Jim
E pur si muove.

"But it does move," said Galileo under his breath.

#12 Mark C.

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Posted 27 April 2013 - 09:17 PM

We all have entered juried shows and are elated when we're notified to participate. The flip side of the coin is will my entry fee be akin to burning $35 bucks in the middle of the road because they've only got room for 35 potters. How does one plan and determine one's fate? For me it's been about even odds the past few years. But, because of what I deem The Tingle Factor, applying to International or Regional juried shows, one just does. Is it just a lottery or aside from squeakingly good images of work, reading through the application form about 4 times to glean each nuance and stipulation, and Googling the Jurors to see if one's work will resonate Posted Image/> , what else is there to do? It's so crucial to keep one's Resume fresh and up-to-date with peer approval. What do you do?


I think its always appropriate to ask questions.
As far as the final out come of these shows towards self enhancement-thats an open debate
I think it depends on what you want-building a name for yourself or fatting ones resume or building self confidence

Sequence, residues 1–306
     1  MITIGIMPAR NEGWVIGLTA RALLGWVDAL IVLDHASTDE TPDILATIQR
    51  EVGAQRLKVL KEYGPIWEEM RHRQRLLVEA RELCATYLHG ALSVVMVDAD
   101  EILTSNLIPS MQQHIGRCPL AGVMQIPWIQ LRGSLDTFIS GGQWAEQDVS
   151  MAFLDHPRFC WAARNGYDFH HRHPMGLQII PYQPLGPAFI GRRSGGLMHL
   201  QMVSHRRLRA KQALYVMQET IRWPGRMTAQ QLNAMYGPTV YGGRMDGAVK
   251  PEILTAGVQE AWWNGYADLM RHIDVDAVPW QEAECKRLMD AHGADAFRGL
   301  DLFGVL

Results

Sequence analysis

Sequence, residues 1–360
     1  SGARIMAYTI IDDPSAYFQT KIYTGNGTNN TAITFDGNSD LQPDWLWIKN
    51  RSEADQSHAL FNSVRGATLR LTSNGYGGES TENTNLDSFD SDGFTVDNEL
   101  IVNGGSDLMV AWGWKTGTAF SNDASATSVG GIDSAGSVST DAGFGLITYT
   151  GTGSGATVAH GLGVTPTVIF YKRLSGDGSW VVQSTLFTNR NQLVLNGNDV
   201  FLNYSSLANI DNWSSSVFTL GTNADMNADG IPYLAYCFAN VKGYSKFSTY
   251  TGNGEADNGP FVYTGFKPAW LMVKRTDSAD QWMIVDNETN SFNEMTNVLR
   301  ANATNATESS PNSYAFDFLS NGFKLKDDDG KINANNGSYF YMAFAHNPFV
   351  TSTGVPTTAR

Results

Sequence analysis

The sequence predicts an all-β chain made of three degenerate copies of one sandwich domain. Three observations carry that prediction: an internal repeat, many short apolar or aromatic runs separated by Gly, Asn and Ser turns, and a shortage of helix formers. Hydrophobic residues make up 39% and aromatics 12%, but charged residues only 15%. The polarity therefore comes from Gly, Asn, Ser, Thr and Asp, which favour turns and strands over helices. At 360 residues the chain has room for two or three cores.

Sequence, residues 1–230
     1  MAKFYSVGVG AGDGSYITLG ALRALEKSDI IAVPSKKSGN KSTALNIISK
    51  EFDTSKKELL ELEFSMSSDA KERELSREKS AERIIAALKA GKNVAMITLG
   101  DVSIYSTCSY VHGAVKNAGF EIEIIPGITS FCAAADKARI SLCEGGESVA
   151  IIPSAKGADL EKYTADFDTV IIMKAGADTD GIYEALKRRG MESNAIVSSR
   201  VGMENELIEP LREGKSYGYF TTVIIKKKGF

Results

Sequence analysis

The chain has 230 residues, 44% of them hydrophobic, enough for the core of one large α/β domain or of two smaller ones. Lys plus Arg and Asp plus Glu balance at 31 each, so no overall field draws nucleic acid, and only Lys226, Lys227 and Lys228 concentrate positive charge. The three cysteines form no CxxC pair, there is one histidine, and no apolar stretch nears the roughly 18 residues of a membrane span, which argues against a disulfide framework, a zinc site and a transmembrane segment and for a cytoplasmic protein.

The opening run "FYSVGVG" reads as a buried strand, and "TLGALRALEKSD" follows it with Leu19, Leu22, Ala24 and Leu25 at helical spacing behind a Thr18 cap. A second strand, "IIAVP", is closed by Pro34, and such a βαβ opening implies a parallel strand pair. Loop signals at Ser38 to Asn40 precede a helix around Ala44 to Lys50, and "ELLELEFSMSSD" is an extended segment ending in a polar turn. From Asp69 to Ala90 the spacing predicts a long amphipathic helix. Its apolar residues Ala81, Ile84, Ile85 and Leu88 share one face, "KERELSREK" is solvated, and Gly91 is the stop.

For me none of it adds up at this point in my life-my markets are somewhat fixed and I have more demand that I can fill so sending off work and checks does not add up-I'd rather burn the bills in the road.
Mark
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#13 Matt Oz

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Posted 28 April 2013 - 07:50 AM


Okay it all makes sense now.

I never considered entering one of those shows, seems a little odd to have to pay to be judged. If the show instantly put you on the map or had great cash prizes, maybe it's worth it, but I'd rather have customer feedback.



It depends. A lot of them are a waste of time and money but the good ones like Strictly Functional gets you into galleries and shows.

Jim

Good to know, I see they have a decent web site too.



#14 OffCenter

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Posted 28 April 2013 - 08:24 AM



Okay it all makes sense now.

I never considered entering one of those shows, seems a little odd to have to pay to be judged. If the show instantly put you on the map or had great cash prizes, maybe it's worth it, but I'd rather have customer feedback.



It depends. A lot of them are a waste of time and money but the good ones like Strictly Functional gets you into galleries and shows.

Jim



Good to know, I see they have a decent web site too.



Used to be. They've taken down all the shows except the last one, number 20. I hope it is just a temp thing because being able to check out all the shows and refer people to the shows that include your work was the best thing about the site.

Jim
E pur si muove.

"But it does move," said Galileo under his breath.

#15 AtomicAxe

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Posted 28 April 2013 - 09:50 AM